5 EMBROIDERED SAREES THAT REFLECT INDIAN CULTURE

India is a land blessed with many customs, cultures and religions. One of its greatest treasures is its handicraft industry, specifically its embroidered sarees. Influenced by many traditions, history and folklore, every region in India is known for producing its unique type of embroidered saree. Through a combination of fabrics, stitching patterns, colours and accents, India has one of the most diverse embroidered saree patterns.

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The five types of embroidered sarees listed below are some of the most recognized and consequently the most popular:

#1 Chikankari

This needlework style arises from the land of Nazaquat and Tehzeeb, Lucknow. Chikankari was introduced by Queen Nur Jahan, the inspiration behind the famed Taj Mahal. This embroidery form came into full realization during the Mughal period. A single chikan piece is made by placing block printing patterns on top. The chikan craftsman will then embroider stitches alongside the pattern. The finished material is washed to remove traces of prints. Initially, Chikankari embroidery began as white-on-white but today many colours and fabrics are used. The variety is enormous, from white embroidery on cotton to soothing pastels on silks, Chikankari is classical charm.

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#2 Kantha

A traditional stitching style that is commonly practised in Odisha and Bengal, Kantha is made by rural women residing in these regions. Initially, kantha work was done on soft sarees and dhotis, with the thread drawn from the borders of used cloth. Kantha embroidery is known for its simplicity. It often features nature motifs such as flowers, animals and birds. Kantha work is often adorned on sarees and dress materials but it is not uncommon to see it embellish wall hangings, bed covers and upholstery.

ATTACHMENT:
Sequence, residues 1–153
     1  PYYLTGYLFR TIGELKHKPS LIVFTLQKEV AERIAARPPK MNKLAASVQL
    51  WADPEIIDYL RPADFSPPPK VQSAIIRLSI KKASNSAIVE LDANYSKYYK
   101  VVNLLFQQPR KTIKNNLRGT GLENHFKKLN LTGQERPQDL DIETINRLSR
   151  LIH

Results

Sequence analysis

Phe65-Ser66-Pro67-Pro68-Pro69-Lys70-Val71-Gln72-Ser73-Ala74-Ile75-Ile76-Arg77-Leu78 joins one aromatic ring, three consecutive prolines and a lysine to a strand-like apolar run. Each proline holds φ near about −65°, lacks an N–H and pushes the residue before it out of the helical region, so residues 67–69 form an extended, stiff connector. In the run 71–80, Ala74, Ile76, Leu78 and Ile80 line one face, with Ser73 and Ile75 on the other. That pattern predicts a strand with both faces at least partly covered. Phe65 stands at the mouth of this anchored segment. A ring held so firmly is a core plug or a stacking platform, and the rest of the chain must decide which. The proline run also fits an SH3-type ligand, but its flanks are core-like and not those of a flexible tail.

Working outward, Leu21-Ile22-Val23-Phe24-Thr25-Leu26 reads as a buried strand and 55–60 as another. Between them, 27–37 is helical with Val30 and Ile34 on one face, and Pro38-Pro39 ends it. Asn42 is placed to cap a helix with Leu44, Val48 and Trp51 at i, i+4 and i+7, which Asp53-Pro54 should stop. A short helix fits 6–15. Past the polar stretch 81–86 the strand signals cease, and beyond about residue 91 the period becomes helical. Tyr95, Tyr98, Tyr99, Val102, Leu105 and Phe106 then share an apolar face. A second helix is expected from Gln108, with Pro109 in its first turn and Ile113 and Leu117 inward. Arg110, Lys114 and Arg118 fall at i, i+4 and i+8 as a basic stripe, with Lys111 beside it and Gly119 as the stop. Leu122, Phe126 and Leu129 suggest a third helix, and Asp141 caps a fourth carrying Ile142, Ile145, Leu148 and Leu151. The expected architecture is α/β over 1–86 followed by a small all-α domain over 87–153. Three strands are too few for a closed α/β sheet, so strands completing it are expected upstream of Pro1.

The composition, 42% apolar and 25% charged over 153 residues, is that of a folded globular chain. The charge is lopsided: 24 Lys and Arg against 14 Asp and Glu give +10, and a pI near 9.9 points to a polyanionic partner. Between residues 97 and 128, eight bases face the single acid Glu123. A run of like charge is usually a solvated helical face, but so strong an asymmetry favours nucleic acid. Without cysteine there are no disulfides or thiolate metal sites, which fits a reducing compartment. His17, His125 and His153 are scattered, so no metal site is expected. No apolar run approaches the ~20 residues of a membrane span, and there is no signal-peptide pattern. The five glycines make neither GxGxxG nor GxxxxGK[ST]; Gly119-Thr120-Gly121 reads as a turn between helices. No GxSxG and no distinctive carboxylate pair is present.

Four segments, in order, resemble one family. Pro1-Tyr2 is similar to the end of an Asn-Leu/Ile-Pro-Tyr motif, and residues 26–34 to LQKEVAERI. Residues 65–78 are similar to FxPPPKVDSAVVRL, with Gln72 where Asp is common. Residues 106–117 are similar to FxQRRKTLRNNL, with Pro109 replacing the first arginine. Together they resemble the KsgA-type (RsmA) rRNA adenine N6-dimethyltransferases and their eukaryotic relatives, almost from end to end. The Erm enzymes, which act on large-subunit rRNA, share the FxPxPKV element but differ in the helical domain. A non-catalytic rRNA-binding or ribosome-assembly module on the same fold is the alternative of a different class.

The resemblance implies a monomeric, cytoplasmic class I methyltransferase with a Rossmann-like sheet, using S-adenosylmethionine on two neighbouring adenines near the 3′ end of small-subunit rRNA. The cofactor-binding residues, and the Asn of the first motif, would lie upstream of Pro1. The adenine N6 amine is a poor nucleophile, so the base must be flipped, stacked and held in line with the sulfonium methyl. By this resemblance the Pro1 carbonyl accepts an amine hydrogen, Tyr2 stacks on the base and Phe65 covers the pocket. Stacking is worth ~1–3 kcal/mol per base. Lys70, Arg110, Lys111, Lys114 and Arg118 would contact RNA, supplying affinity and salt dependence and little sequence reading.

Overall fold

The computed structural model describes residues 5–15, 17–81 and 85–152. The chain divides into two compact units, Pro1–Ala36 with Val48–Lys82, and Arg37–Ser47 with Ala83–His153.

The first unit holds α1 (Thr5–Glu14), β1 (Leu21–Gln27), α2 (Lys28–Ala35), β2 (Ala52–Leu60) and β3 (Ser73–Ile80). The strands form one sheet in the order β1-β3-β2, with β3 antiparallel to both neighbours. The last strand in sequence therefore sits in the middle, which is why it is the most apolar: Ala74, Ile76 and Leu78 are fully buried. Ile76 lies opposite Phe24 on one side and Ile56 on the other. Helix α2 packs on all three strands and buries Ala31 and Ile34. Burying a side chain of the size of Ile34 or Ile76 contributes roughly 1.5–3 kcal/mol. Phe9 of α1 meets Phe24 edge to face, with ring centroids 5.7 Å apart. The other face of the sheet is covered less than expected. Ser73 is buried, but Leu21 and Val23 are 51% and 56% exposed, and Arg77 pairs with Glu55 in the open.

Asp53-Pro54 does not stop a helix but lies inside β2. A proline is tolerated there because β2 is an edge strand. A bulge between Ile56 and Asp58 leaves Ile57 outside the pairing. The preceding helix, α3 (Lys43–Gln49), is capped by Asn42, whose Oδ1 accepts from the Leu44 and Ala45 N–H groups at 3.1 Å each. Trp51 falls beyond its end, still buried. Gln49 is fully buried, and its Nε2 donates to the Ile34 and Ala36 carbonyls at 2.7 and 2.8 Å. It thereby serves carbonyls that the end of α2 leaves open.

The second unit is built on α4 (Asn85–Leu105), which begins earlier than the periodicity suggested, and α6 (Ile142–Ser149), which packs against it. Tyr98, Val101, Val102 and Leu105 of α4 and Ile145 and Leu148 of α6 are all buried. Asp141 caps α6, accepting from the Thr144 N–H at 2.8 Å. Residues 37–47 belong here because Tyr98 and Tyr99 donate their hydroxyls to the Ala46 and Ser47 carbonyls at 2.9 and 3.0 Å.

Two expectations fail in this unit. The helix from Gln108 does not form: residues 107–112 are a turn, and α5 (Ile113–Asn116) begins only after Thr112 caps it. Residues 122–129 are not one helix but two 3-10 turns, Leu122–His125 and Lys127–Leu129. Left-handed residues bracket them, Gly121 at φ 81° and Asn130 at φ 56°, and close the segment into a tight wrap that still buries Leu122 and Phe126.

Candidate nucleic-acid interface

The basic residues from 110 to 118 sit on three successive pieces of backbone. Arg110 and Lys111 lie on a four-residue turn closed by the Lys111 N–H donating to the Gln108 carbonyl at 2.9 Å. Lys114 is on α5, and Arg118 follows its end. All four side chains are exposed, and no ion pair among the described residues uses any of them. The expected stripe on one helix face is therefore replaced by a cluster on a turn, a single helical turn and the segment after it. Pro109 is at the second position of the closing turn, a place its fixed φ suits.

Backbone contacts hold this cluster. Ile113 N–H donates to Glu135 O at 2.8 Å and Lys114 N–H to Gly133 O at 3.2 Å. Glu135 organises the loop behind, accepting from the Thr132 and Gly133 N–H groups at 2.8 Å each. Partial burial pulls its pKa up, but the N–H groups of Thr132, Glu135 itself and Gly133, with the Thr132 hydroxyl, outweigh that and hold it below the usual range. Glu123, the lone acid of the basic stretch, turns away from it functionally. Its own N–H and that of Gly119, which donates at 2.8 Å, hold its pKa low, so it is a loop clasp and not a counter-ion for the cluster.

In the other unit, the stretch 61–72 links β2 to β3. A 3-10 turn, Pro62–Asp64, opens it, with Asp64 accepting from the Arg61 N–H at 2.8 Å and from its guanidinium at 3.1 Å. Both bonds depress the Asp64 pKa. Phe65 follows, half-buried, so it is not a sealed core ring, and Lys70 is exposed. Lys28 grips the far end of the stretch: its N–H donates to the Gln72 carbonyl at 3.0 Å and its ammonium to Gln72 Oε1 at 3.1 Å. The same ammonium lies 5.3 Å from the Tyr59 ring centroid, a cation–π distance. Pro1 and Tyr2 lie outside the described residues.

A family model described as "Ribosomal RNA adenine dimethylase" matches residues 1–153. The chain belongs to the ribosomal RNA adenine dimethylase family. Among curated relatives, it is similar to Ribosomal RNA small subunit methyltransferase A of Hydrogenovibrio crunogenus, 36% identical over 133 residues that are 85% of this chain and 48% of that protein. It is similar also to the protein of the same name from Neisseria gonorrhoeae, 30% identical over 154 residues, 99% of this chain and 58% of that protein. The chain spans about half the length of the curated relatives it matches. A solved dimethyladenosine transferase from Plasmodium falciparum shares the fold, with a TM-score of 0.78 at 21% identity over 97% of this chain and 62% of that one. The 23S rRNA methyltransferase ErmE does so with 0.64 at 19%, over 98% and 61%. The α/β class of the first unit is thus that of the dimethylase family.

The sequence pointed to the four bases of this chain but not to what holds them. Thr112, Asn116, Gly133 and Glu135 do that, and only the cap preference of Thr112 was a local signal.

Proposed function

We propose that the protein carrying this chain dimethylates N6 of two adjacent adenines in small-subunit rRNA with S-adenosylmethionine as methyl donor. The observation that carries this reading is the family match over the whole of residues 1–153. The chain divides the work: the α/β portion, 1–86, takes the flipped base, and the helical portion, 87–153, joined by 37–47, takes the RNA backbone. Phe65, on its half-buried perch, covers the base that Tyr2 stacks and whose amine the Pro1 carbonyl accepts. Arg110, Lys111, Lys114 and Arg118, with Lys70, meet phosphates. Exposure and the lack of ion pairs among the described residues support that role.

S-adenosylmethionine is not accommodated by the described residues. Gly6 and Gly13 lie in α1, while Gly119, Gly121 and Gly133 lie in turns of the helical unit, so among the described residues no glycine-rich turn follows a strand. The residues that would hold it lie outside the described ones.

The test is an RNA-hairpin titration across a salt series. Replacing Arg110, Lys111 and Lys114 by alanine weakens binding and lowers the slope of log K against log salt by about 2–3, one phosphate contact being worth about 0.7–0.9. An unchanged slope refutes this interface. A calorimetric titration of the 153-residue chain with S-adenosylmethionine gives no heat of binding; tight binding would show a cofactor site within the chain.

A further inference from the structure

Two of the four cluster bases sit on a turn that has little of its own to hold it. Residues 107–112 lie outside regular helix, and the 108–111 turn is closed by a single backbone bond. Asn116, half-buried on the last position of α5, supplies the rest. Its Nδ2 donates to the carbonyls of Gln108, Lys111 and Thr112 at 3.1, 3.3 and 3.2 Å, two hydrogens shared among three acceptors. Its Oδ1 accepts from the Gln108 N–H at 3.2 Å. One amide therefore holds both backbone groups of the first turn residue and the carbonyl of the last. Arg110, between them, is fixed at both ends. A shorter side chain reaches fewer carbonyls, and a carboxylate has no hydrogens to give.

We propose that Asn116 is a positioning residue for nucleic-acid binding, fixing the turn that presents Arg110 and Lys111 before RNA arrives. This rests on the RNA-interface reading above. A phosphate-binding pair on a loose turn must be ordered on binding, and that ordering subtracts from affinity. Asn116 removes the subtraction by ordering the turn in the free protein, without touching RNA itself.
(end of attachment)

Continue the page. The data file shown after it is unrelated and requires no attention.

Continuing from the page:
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#3 Phulkari

This embroidery form is the second most popular thing to arise from Punjab (after sarson ka saag). As suggestive of its name, Phulkari features various flower motifs. This art form is typically practised by housewives. What makes it unique is that the embroidery is done on the opposite side of the material while the design forms in the front. The material used is either naturally dyed khadi or hand-spun cloth. The contrast created by bright embroidery on light coloured fabric makes the design stand out.

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#4 Zardozi

Even though its origins were in Persia, this art form flourished in India during the 17th century during the reign of Mughal Emperor Akbar. In its original form, silver and gold threads along with precious stones and pearls were used. This rich embroidery form was stitched on rich silks and plush velvets. Zardozi was worn by royalty of that period. Today, silk threading and copper wire with gold and silver polish still adds a royal feel to the Zardozi. Many brides love wearing Zardozi on their wedding day, especially as sarees and lehengas.

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#5 Kashidakari

This beautiful Kashmiri embroidery emerged under the benefaction of Mughal and Persian rulers. Even though how this stitch form originated is unknown. According to legends, a Persian Sufi saint carried this skill with him and taught it to craftsmen in Kashmir. What started as a craft soon became a source of income for farmers during harsh winters. Kashidakari embroidery features the flora of the scenic locality in Kashmir. Designed with chain stitches, Kashidakari is conducted on wool and silk.

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To shop for your Kantha, Kashidakari, Phulkari, Chickankari or Zardozi embroidered sarees, visit Indian Wedding Saree today.

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